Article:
Posts Tagged ‘homosexuality’

Once A Catholic

Sunday, March 8th, 2009

It hardly seems worth mentioning that the Catholic Church is out of touch with reality on certain issues. While the debate rages on about the US Republican party’s inability to redefine and refocus its message in changing times, there is this other conservative dinosaur lumbering along beside it, and it feels even less compulsion to change. The Catholic Church is ancient and insular and does not need to answer to any human authority, so why even bother challenging its many ignorant and dangerous proclamations? As far as most people are concerned, the solution to the Church’s problems is not to change the Church, but to dismiss the Church as irrelevant.

Yet the Catholic Church can change. It has  already made some changes in the last 50 years, and if it wants to survive it will have to change further. It’s because I believe that the Church will change that I continue to call myself a Catholic, and even if former Cardinal Joseph Ratzenberger (I just can’t seem to get into calling him ‘the Pope’) were to turn up on my doorstep and excommunicate me himself, I would continue to believe myself a Catholic.

I admit, I have a very idiosyncratic view of my Catholicism. I’m a gay man who believes in contraception, euthanasia, and a woman’s right to have an abortion, so if Catholic dogma is a great shining city, I would be living in a box behind a Happy Eater on a motorway exit somewhere beyond the ring road. My Catholicism is one that is proud of its heretics. I am a terrible, terrible Catholic. I cling a Catholic identity not just because I believe the Church can change, but because I want it to change. I also believe that, since the Catholic Church shaped my spiritual identity, it bears some responsibility for the conclusions I’ve come to.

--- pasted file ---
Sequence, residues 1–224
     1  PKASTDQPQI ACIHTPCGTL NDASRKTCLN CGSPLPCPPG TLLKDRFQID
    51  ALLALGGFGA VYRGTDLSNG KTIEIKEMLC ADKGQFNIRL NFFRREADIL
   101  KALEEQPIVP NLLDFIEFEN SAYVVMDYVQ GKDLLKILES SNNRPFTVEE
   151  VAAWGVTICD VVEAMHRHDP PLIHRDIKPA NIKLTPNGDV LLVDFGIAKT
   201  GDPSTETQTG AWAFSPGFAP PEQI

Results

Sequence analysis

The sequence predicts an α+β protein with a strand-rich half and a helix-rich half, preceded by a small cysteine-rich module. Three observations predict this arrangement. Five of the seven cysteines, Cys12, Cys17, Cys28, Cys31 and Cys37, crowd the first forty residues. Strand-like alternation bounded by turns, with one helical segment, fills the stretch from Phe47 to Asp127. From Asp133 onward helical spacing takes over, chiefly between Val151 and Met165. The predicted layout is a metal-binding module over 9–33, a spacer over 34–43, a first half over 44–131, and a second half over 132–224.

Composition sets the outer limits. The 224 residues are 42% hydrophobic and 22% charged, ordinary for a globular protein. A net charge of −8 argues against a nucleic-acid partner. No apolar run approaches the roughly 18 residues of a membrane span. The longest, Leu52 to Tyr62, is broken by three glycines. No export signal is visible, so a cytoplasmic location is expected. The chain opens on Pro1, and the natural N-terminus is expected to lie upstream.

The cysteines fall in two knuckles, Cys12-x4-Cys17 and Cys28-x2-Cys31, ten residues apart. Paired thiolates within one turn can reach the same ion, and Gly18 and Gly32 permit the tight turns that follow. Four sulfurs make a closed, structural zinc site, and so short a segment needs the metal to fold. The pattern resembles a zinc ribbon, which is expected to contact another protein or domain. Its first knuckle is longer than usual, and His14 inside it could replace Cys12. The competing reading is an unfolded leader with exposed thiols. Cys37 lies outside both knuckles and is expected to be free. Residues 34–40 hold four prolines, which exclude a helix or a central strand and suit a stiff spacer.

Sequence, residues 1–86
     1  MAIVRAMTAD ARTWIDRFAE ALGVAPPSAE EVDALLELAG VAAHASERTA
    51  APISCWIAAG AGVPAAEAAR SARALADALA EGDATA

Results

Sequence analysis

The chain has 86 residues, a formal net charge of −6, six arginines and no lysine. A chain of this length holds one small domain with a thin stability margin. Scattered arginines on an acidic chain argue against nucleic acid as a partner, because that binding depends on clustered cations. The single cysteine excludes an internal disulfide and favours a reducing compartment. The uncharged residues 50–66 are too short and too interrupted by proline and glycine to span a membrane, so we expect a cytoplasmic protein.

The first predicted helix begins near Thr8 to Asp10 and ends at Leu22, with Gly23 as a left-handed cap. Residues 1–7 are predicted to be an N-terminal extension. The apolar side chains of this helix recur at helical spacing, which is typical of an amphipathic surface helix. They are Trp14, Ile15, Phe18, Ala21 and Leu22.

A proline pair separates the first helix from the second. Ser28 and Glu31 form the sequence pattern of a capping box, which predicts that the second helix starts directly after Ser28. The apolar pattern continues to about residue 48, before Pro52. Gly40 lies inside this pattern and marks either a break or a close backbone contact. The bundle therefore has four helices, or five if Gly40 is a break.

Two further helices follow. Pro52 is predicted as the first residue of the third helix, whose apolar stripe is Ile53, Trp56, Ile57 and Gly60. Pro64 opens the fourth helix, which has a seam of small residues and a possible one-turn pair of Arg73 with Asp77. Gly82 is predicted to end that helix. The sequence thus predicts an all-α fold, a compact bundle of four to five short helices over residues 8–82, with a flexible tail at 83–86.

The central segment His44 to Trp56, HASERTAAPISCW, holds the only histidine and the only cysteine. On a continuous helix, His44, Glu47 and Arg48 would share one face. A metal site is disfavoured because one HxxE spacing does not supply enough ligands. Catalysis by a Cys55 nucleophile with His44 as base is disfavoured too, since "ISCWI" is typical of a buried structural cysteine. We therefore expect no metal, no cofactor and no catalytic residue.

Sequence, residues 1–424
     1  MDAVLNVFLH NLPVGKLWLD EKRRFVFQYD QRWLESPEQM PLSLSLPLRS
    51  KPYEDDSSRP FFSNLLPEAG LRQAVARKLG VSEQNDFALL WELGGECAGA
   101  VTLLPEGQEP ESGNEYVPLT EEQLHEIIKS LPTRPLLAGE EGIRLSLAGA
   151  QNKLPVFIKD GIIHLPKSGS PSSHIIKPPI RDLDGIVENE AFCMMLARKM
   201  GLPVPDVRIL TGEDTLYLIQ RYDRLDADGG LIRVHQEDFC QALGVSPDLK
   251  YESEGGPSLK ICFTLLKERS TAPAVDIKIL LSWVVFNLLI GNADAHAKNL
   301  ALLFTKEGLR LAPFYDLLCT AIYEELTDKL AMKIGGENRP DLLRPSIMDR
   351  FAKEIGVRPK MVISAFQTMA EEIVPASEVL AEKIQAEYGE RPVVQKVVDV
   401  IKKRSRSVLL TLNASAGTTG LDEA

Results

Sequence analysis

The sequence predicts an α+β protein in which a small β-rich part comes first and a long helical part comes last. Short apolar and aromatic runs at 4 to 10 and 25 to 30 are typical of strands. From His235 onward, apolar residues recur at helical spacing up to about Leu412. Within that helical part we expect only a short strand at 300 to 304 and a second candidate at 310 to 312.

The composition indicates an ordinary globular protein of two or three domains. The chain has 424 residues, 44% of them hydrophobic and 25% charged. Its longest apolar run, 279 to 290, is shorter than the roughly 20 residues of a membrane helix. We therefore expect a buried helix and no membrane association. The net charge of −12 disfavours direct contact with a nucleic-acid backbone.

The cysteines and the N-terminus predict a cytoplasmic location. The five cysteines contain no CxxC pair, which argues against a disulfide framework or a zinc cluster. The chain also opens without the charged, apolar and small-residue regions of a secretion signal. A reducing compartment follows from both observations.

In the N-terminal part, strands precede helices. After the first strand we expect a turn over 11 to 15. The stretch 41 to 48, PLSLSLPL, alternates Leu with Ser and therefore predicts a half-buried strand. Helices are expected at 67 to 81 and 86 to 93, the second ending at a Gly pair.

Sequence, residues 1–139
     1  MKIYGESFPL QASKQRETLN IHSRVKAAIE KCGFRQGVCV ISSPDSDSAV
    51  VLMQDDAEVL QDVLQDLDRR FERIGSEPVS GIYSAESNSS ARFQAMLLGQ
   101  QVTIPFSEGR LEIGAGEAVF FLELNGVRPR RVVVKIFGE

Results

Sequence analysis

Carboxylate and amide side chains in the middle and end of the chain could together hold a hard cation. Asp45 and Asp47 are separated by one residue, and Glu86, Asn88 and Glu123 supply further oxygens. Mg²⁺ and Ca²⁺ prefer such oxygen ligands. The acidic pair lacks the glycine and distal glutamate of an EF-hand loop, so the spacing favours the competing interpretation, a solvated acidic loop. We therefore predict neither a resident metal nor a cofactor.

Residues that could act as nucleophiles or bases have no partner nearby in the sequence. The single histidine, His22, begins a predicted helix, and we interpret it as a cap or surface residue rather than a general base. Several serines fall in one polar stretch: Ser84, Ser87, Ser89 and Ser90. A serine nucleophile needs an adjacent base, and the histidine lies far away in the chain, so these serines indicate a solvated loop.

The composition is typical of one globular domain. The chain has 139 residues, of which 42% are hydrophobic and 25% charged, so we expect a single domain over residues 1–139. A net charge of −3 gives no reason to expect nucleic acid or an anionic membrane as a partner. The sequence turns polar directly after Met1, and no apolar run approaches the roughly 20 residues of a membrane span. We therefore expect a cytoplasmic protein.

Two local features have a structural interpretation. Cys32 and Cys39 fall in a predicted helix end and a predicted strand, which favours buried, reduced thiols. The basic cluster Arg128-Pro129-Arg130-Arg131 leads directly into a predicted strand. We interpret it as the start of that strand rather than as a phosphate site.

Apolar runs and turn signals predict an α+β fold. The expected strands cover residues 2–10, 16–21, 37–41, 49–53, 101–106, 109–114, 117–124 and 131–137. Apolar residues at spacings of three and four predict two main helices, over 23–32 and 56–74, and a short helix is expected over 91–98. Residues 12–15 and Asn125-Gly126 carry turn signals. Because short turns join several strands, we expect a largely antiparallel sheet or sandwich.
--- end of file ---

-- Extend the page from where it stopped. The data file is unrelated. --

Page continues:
All of which is just preamble to the subject matter I want to discuss. Today I read an extraordinary story about the Church’s decision to excommunicate the mother and doctors of a girl in Brazil who received an abortion. The girl was nine years old, and she had allegedly been raped by her step-father. It was thought that carrying the foetuses to term would have endangered the girl’s life.

In that one story you have all the inexplicable, enraging horror of the Church’s backward and inhumane views on abortion. The people, the government and the medical community of Brazil have all expressed either anger or disappointment at the Church for its decision, and the Church has responded without remorse. And here is where it turns from inhumane to outright diabolical; asked if the step-father would be excommunicated if he had indeed raped his 9-year-old step-daughter, the archbishop of the diocese replied that the abortion “was more serious”. 

It is astonishing to me that a man who believes he acts and speaks with respect to God could so readily make himself a channel for man’s evil. I find it staggering that this Church, or any church based on the teachings of Jesus Christ, could be so insistent on putting judgement and dogma ahead of love and compassion. Above all else, a Church of Christ must be about love. That is what God is, and if that is not evident in a  church’s teachings and actions, then that church is not acting or speaking with respect to God.